The Impact of the American Missionary on
Syria During the Eighteenth Century

Mounir Farah
The contribution of the American missionaries during the first fifty years of their presence in Syria extended into numerous fields. They undertook research and wrote about the geography of the area, its archaeology, neteorology, customs, and music. Besides their memoirs, travelogues, and books on varied subjects, they published articles in the Journal of the American Oriental Society, the Bibliothece Sacra, the New Englander, and the Missionary Herald. However, their most outstanding contribution by far was in the field of education. Their work in this field made a lasting impact and influenced the course of history of modern Syria and to an extent other Arab countries. It also contributed to the positive image that the Syrians had of the United States during the nineteenth century.
Upon their arrival in  Syria, the American missionaries discovered a grave lack in educational facilities. The vast majority of the Syrian male population did not read or write, and almost all the women were illiterate. The few schools which existed in Syria at the time were strictly religious. Founding schools and promoting learning was considered a commendable and a necessary act of benevolence by the missionaries. Moreover, translating and disseminating the Scriptures would be meaningless, unless the people were taught how to read them.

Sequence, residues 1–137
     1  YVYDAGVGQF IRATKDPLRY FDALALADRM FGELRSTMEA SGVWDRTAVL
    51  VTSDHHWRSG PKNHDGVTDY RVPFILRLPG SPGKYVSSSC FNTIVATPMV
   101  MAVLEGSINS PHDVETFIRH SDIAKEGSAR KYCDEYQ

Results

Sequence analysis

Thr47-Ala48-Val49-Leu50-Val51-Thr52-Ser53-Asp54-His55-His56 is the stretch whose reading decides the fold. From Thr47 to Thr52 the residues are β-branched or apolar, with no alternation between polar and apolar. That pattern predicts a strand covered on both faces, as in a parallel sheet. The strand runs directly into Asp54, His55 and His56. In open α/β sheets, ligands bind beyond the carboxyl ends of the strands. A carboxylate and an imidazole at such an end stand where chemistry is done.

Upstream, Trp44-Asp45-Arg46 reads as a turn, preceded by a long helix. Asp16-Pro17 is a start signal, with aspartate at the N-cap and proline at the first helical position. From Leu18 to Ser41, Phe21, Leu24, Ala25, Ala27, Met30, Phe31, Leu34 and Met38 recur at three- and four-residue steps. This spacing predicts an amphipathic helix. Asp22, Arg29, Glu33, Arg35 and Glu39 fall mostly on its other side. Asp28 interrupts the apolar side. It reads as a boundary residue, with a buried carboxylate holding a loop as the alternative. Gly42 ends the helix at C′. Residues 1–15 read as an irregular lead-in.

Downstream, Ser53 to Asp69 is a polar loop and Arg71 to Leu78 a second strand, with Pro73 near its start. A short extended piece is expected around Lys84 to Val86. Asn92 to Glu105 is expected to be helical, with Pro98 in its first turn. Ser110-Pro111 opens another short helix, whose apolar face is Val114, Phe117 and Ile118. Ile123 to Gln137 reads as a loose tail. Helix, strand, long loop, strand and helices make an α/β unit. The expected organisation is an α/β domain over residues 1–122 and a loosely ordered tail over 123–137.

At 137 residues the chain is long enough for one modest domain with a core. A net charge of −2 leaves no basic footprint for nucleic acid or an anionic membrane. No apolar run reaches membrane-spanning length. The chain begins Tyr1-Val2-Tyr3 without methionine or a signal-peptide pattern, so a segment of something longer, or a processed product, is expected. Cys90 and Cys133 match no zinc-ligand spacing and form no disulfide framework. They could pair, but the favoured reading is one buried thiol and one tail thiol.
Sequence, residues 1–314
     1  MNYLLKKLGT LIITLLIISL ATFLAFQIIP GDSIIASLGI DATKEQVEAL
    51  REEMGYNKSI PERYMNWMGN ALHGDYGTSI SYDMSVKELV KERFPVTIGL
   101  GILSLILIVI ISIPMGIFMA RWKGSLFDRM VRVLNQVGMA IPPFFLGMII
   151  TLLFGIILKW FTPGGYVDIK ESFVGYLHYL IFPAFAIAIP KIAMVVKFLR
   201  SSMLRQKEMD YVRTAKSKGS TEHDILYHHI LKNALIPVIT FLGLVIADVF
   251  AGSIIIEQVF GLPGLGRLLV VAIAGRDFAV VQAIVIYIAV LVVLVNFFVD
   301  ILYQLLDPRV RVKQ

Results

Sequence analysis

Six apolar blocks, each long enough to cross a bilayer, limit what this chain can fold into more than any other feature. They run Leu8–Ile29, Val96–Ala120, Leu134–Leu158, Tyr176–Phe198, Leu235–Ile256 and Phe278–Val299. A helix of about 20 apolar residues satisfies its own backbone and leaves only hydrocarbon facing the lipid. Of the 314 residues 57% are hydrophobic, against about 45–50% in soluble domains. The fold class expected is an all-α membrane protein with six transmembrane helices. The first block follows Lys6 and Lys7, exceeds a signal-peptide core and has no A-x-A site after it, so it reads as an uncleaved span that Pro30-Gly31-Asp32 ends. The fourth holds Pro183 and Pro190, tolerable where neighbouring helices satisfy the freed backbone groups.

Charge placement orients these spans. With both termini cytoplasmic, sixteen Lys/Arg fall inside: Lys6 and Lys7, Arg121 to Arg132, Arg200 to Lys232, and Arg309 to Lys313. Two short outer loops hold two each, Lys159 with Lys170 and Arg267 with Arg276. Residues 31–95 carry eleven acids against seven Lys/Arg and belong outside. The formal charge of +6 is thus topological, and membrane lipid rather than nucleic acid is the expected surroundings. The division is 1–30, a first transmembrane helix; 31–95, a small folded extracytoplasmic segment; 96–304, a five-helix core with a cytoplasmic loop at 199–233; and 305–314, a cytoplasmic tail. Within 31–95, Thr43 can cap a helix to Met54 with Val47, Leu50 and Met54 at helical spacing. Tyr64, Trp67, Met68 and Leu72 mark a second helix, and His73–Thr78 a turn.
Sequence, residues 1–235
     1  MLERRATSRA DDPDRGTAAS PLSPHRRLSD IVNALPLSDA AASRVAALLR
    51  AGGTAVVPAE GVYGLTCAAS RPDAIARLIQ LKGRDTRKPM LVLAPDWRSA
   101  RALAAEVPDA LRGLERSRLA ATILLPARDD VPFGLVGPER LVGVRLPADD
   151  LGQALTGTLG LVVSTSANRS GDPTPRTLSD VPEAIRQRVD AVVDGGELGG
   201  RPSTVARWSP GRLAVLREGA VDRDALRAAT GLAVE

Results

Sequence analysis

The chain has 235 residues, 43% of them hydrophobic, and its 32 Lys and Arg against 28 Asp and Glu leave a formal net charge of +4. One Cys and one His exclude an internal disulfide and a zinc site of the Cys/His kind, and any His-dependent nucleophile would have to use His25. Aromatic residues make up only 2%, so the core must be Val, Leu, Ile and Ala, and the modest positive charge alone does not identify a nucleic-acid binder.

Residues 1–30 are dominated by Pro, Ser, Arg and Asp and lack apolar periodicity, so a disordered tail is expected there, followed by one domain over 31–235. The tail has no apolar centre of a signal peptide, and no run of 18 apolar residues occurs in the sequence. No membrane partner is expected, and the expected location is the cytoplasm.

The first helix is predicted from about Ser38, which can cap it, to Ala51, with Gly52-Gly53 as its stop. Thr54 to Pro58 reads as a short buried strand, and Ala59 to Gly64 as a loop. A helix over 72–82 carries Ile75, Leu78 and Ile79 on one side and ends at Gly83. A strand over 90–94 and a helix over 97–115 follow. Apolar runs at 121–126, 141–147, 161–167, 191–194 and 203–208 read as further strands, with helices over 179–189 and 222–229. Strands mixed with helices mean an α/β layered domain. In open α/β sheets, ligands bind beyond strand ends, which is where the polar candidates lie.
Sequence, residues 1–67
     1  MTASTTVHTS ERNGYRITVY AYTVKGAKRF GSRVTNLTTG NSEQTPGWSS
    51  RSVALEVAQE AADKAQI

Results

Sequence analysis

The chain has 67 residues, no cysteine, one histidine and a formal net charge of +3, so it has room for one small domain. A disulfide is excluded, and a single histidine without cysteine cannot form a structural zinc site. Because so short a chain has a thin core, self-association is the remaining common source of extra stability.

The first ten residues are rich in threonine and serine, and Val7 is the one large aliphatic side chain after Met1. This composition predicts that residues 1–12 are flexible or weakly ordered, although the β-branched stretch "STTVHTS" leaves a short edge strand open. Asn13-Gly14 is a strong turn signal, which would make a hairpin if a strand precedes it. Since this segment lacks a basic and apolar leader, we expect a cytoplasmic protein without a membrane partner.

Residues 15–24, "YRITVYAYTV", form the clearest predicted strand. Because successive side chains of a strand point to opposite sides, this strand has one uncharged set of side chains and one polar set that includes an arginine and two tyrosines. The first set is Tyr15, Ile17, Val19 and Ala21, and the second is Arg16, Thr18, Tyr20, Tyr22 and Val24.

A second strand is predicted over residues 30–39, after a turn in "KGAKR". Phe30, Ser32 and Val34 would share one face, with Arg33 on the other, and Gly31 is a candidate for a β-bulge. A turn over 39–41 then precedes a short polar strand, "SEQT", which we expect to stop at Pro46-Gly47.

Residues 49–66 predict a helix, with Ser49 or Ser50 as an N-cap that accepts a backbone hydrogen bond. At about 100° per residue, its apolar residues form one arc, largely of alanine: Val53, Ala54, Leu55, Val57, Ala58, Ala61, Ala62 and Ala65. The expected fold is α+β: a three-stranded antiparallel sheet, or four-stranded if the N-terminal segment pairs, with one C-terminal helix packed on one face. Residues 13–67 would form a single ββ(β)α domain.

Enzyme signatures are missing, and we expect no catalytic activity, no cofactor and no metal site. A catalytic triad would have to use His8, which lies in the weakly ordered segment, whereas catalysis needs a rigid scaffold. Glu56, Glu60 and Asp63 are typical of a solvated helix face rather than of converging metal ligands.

The educational enterprise of the missionaries began in 1824 with the establishment of a school in Beirut and the employment of a native teacher, Tannus al-Haddad. It started with seven students in july and grew to sixty by September. By 1870, this modest beginning had grown to an extensive system of thirty-one schools, two seminaries, and a highly respectable college. It was supported by a printing press  and by activities of learned societies. Its contributions were remarkable particularly in the fields of higher education and female education.

Higher Education

By the 1850's, the missionary schools had become well established. These schools, along with  recently founded Orthodox and Catholic parochial schools, were graduating students who could go further to higher education. The desire of the Arab community for higher education, as was reported by Harry Jessup to the ABCFM in 1856, "has risen to a sort of passion."  The American mission in Beirut considered the possibility of founding an autonomous institution for higher education for several years. Then on January 27, 1863, it voted to establish the Syrian Protestant College. The Reverend Daniel Bliss was elected President and was entrusted with the task of raising the needed funds. Bliss left for the United States in August of the same year to discuss the matter with the  ABCFM and t solicit contributions. He was able to raise one hundred thousand dollars ($100,000) in the United states during the Civil war before he went to England to raise more donations. With the assistance of several notables, including Samuel Tildan who became a governor of the State of New York and the Democratic  candidate for president in 1876, the collages was chartered and incorporated in the State of New York in 1863.